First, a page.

Teaser 048: Mildred of Gilroy, California


I had packed everything except my overnight bag and my computer. I had no room for the futon but I grabbed the mattress. It would be a little better than sleeping on the floor. I also took a cooler, mostly for use as a standby table or seat and my two swivel chairs, with up and down and lean. I could actually get both in the back seat and throw stuff around them. Little Boy and his stuff would be in the front seat. Up at five, shower and get the rest of it packed and I was on my way to Gilroy before six.

I arrived at the garlic festival late in the afternoon. It took a while to find her, though I wasn't looking for a him or a her, only someone who knew how to grow garlic organically, the right way, the potent, kick-ass way. She happened to be named Mildred and what a character she was. Her booth was ornate all right, tied-dyed colors everywhere, a hanger-on from the sixties. I told her I would bet she could tell me a story or two about growing up in the sixties in California. She said I wouldn't believe them anyway. She knew Erhard, the EST man himself. I told her I had an apartment down the hall from his daughter while she attended Stanford. This got us going and soon I knew her garlic was my choice. Mildred asked me what I intended with the garlic I was buying from her, since I seemed to be buying more than personal consumption. I told her about the claim good garlic can't be grown in the valley around Los Angeles. She laughed. She had already done it decades before. She knew what a crock it was.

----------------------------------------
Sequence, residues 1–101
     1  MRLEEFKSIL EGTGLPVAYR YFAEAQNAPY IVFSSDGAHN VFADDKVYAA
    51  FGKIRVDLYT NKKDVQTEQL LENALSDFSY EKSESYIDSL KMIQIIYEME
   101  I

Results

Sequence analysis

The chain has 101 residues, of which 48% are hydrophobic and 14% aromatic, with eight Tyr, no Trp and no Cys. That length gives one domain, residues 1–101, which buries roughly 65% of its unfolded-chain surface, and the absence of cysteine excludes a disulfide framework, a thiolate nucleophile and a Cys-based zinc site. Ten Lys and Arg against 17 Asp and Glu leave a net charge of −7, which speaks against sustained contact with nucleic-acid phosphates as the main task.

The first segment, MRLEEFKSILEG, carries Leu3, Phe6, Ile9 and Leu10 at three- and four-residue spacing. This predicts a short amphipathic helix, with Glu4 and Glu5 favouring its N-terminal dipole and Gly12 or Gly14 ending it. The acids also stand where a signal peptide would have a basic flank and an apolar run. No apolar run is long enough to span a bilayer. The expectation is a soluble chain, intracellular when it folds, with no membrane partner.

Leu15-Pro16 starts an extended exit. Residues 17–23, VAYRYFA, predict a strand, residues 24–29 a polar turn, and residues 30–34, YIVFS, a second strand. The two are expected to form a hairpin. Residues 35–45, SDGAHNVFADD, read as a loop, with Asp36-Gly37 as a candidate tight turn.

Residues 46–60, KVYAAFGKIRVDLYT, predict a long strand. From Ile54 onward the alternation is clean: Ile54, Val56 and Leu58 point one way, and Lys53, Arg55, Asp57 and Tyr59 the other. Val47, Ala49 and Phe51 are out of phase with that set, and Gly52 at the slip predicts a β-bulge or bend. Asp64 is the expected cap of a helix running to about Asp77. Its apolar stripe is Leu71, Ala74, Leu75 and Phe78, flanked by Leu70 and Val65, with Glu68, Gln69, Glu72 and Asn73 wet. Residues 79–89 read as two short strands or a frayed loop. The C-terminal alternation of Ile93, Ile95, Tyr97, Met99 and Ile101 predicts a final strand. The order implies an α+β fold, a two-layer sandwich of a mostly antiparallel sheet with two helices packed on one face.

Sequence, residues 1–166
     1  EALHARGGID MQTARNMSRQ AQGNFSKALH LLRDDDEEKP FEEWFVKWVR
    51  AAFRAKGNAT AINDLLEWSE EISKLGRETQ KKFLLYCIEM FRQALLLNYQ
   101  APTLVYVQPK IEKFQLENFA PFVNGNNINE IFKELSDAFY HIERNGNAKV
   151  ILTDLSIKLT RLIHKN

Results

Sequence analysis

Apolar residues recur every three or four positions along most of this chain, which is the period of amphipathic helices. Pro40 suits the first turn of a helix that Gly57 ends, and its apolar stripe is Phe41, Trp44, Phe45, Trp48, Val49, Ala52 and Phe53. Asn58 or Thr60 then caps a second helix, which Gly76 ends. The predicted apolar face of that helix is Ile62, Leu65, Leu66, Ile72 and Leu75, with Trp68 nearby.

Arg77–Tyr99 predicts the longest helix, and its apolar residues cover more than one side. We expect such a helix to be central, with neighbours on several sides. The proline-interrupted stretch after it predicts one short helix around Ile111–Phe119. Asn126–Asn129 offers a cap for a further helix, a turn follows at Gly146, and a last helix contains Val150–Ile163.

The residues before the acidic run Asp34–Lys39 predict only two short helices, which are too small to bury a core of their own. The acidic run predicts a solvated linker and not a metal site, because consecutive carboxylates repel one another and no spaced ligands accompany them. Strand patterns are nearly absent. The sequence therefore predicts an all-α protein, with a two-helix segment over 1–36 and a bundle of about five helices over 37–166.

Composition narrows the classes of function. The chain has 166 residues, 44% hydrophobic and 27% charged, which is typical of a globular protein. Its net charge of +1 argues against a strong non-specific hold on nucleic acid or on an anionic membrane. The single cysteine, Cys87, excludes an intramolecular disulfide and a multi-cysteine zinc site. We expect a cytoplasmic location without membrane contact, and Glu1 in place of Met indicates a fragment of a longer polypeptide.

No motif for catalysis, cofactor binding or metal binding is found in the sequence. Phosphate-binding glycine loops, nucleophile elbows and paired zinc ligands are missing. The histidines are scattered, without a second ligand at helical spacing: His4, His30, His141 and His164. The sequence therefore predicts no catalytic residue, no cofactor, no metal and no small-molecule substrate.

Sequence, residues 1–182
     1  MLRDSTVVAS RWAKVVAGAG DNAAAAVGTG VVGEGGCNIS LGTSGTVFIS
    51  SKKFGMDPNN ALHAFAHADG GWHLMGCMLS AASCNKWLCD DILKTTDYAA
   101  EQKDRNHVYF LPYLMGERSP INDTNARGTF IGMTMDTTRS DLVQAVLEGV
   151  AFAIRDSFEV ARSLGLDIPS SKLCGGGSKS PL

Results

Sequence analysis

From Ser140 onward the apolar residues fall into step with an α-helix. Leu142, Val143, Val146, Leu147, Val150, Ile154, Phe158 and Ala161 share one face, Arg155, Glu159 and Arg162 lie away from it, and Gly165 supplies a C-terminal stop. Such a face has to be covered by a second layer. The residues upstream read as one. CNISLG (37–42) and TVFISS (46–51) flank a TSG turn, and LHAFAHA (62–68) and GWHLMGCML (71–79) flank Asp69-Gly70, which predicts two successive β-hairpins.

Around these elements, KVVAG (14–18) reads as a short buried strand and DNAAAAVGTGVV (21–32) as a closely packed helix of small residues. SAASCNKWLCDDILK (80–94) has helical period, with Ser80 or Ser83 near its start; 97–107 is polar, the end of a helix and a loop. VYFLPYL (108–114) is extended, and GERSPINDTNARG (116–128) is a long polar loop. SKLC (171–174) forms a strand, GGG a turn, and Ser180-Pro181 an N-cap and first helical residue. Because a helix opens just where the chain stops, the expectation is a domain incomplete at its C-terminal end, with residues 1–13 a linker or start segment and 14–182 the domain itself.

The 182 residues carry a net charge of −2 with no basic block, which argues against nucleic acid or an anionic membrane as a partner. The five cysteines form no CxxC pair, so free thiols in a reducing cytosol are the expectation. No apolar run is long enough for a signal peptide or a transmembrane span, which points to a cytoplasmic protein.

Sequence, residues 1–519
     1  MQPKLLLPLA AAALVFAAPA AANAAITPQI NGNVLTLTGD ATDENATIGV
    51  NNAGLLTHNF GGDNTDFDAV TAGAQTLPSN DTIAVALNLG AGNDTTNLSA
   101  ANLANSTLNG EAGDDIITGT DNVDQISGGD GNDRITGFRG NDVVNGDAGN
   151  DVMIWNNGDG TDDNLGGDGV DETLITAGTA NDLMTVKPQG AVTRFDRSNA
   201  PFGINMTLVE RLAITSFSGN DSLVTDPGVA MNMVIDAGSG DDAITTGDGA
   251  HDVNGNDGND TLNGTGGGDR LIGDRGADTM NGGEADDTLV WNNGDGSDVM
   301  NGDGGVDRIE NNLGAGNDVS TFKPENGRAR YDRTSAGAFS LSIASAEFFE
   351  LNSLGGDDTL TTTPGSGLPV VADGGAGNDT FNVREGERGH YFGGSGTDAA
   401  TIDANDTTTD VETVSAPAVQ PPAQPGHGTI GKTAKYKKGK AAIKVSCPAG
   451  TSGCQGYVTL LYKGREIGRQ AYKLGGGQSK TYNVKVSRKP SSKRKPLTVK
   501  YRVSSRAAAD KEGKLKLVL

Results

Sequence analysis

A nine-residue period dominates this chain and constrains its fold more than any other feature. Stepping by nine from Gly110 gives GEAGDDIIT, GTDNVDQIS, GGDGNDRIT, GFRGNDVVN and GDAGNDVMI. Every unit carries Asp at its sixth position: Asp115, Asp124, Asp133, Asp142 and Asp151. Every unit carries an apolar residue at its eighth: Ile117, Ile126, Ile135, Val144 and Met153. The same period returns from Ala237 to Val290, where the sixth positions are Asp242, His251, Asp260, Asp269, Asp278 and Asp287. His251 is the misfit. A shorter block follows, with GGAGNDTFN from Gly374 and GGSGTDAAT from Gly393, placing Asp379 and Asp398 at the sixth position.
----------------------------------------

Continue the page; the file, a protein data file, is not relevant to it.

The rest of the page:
“Here, come with me.” I followed her as she left her booth and walked the long distance to the vendor parking lot to her van, as colorful as Mildred herself. She opened up the back of her van and climbed inside, crawling on her hands and knees. It was a bit comical watching this woman crawl around in her fairly stuffed van with hats, colorful, weird hats everywhere, all at her age, now pushing seventy. She pulled open a drawer from a box on the side, almost hidden by hats, and retrieved a large burlap sack. Mildred looked at me with a devilish grin. “This is it! My special stash for next year. I was going to hold these unless someone I liked wanted to start their own garlic patch.” She frowned a bit. “But I don't know if I like you that much, Gregory.” When I frowned she broke out into a smile and cackled. “Had you going, didn't I?”